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“Beyond The Bubble” May Have A Lot Of Potential — Or Not

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Beyond The Bubble is a project of Stanford and the Library of Congress that I just learned about from Gail Desler. It has a small collection of very good assessments that can be used in teaching history that you can print out and use with students, along with a rubric and student sample responses. You can register for it, but, though I might be missing something, I didn’t see any benefit to registration — it appears the same resources are available whether you log-in or not.

As it is now, it’s nice place to keep in mind for a few assessments that might work for a few units history educators might be teaching. It’s more important value, though, is as a model for simple assessments that teachers can create for their own classes that are directly connected to the content they’re teaching. However, it seems to me that if Beyond The Bubble really wants to have a substantial impact on teaching history in the U.S. and in the world (and even in other subjects as well), it will need to create a tool including a template/guide for teachers to be able to access the Library of Congress materials and create their own assessments that they can use and share on the site — as well as being able to be evaluated by other users.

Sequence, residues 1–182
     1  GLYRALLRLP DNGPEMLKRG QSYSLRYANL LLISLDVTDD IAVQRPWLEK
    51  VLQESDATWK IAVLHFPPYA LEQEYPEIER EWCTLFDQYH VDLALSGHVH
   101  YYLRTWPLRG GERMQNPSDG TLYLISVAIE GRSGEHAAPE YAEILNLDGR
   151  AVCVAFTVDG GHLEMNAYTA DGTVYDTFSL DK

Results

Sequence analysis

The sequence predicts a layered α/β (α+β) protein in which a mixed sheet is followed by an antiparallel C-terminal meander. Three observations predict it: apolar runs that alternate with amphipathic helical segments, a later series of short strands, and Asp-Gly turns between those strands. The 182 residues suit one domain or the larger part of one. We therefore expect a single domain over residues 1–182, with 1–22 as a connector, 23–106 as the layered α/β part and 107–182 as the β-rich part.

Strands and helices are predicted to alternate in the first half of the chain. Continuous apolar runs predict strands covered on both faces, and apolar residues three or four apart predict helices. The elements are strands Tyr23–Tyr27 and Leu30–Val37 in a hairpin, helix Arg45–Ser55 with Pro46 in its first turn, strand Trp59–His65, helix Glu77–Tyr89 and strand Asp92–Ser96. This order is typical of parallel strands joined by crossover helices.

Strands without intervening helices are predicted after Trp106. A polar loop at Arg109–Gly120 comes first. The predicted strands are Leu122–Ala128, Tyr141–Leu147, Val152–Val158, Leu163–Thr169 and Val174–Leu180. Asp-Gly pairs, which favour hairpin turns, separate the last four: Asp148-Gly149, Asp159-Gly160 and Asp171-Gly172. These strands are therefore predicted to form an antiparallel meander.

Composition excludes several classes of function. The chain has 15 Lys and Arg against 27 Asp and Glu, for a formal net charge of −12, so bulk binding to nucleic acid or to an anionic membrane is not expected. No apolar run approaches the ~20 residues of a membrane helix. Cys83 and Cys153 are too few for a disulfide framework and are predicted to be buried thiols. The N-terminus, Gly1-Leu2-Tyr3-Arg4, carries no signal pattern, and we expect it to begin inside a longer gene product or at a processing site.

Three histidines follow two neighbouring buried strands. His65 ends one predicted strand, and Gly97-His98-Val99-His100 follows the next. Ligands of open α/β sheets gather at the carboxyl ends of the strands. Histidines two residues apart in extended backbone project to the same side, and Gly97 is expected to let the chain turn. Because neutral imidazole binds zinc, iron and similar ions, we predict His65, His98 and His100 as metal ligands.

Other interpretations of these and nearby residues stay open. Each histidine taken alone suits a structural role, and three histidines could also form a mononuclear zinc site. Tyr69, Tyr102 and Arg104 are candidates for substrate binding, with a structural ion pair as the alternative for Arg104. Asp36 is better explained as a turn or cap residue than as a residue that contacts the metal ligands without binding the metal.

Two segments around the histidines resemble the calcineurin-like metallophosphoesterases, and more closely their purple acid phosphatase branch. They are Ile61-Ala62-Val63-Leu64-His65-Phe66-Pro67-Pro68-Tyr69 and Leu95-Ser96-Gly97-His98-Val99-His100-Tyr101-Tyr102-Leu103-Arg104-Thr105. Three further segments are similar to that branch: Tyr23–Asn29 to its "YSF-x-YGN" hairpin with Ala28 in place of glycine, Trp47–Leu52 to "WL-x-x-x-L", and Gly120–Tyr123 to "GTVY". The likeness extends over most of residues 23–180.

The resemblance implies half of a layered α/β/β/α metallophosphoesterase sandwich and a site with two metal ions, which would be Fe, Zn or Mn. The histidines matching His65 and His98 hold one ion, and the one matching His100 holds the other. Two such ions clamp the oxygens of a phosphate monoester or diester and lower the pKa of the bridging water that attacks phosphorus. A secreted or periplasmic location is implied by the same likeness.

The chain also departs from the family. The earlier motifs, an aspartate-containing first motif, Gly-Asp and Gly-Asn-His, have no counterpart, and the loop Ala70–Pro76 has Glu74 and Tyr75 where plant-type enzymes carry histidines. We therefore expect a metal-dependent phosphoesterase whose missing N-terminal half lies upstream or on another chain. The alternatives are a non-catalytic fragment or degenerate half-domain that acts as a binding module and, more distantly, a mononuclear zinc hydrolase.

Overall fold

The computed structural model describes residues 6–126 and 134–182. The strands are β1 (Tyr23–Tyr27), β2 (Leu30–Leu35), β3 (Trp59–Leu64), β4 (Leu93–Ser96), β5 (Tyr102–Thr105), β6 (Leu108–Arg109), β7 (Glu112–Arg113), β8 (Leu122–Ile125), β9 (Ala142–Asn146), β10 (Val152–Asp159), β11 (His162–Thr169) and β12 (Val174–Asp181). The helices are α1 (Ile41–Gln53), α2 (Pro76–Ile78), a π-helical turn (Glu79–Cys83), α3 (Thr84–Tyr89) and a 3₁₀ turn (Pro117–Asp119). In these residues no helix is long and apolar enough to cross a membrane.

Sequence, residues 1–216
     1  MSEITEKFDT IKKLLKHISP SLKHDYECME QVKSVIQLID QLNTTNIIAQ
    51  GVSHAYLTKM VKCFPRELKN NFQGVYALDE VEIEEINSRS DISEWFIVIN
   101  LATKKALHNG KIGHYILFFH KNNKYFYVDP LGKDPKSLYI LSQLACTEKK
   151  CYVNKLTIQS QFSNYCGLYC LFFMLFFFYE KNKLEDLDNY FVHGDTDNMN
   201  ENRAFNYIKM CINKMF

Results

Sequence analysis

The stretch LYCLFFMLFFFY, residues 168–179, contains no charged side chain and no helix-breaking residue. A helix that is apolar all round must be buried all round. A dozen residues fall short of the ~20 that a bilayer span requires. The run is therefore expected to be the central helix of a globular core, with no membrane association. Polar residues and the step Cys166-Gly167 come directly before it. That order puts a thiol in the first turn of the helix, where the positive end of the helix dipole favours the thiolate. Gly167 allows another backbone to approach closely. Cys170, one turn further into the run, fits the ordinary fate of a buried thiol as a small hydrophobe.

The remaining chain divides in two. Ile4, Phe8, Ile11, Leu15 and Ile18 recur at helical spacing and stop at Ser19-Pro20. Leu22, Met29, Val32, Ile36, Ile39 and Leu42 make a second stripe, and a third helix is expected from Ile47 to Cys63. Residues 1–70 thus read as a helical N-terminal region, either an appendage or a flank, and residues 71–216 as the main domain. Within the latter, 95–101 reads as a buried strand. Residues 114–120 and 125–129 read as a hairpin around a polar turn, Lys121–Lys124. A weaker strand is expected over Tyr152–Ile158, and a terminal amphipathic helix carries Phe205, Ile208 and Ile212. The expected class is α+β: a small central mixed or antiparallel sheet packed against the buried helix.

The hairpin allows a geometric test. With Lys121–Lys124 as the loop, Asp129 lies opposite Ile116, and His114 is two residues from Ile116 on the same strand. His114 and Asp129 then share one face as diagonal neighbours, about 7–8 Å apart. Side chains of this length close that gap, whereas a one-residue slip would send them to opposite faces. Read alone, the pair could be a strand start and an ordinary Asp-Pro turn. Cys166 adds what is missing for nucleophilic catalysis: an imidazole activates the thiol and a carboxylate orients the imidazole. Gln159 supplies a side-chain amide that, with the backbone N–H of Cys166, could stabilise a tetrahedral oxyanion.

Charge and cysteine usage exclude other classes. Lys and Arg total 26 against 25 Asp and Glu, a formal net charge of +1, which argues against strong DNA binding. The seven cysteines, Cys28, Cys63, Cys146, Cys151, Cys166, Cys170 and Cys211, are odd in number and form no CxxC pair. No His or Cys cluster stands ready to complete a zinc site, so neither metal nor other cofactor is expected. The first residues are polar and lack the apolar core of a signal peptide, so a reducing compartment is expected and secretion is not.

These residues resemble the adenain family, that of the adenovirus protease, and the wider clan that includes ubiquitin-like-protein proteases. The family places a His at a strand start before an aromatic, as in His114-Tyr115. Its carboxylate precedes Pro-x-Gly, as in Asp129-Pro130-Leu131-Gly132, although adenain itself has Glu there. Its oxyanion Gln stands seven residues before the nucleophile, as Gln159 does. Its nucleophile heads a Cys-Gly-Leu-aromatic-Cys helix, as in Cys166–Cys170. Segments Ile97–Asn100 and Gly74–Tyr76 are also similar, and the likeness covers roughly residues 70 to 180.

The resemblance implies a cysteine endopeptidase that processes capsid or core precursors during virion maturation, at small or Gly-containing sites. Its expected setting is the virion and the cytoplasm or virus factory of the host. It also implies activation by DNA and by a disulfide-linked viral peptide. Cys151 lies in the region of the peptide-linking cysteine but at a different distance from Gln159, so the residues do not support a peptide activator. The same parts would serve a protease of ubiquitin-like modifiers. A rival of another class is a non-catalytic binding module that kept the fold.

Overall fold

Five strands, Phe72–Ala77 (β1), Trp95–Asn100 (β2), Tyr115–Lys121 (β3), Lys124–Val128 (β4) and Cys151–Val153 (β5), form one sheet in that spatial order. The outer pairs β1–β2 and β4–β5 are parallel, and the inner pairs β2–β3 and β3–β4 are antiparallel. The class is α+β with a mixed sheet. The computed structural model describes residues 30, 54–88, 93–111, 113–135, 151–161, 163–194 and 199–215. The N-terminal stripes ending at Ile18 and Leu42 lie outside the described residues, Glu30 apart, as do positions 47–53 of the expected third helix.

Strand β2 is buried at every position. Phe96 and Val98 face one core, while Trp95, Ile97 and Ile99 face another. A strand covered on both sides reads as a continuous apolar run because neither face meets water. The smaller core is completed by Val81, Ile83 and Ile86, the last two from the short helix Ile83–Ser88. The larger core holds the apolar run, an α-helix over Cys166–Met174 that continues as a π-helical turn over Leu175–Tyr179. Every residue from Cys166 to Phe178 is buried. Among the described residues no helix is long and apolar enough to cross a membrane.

Perhaps they have something like that in mind and that’s the reason why they are asking for registrations now, but I couldn’t see any info indicating those plans (perhaps I just missed it?).

So that’s the reason for the title of this post: Beyond The Bubble may have a lot potential — or not….

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Author: Larry Ferlazzo

I'm a high school teacher in Sacramento, CA.

One Comment

  1. Thanks for this post! This video from the site provides some pointers about creating assessments:

    http://beyondthebubble.stanford.edu/assessments/slave-quarters/deeper

    Also, registration is required to download PDFs of the assessments.

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